In Listing 7, instead of extending from RandomUserBaseRepository, PersonRepository has a field repositoryUtil providing the same method. This field is mocked in PersonRepositoryTest. Listing 8 shows how we instruct the mock to behave. Now that the behavior of get() is mocked, its implementation is no longer in scope for our test.

public class PersonRepository {
...
private final RandomUserRepositoryUtil repositoryUtil;
...
return repositoryUtil.get("/api", type).getResults()

Listing 7) Snippet from PersonRepository avoiding inherited methods


Mockito.when(repositoryUtil.get(Mockito.anyString(), Mockito.any())) .thenReturn(resultContainer);

Listing 8) Snippet from PersonRepositoryTest avoiding inherited methods

Extension methods

“But Kotlins extension methods are cool, right?” Perhaps not, extension methods are syntactic-sugar around a static method. This means calls cannot be redirected. Thus, we have a high coupling between the caller and the extension method.  Extension methods do have one redeeming quality, however: they can be placed anywhere. This enables you to place them in the unit you are testing, thereby having them in scope for a unit test after all.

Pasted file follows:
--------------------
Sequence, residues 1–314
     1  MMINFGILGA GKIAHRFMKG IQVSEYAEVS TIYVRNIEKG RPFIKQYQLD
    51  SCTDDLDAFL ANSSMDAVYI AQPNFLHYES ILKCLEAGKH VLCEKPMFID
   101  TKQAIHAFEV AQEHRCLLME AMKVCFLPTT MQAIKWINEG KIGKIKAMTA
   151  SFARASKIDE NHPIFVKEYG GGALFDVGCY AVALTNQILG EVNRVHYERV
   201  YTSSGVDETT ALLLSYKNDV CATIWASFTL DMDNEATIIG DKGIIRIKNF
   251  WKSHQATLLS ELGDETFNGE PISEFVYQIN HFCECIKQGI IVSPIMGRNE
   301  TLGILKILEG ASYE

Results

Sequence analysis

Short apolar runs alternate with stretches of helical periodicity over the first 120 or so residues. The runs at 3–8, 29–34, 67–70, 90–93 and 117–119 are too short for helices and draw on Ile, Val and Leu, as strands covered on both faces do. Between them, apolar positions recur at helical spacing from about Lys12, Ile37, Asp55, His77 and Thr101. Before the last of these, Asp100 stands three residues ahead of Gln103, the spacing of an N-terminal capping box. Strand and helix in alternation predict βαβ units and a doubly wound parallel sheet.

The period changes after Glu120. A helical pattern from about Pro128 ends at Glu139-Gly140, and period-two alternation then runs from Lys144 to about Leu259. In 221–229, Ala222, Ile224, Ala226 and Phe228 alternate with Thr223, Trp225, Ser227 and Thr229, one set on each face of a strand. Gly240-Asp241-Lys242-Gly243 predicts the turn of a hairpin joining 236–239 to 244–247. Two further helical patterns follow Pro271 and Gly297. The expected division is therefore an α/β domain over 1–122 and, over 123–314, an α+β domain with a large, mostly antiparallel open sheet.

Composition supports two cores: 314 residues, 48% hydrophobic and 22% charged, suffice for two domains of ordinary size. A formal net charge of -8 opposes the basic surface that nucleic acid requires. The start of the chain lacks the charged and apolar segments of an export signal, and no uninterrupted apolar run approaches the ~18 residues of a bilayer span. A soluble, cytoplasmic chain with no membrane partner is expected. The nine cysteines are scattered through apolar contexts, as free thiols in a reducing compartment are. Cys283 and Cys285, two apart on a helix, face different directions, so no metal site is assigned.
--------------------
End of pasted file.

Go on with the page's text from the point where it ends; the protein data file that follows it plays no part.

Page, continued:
Other advantages

This article is not just about changing the code itself, to make our tests nicer. It's about putting time-honored object-oriented principles, such as low coupling and depending on abstractions, into practice. Adherence to these principles just happens to pay off in unit tests, but other advantages include:

  • Dependency injection instead of static and extends also enables spring's proxy-based aspect-oriented-programming. In turn, AOP allows us to specify things like authorization, caching, logging  etc.
  • Using mocks in tests, it becomes easier to test alternative flows, including exception handling.

Final words

Using static methods, especially extension methods, can be very useful. But now, you will know why your unit tests feel awkward, and why a simple change in your code will change so many tests. And more importantly, how to fix it.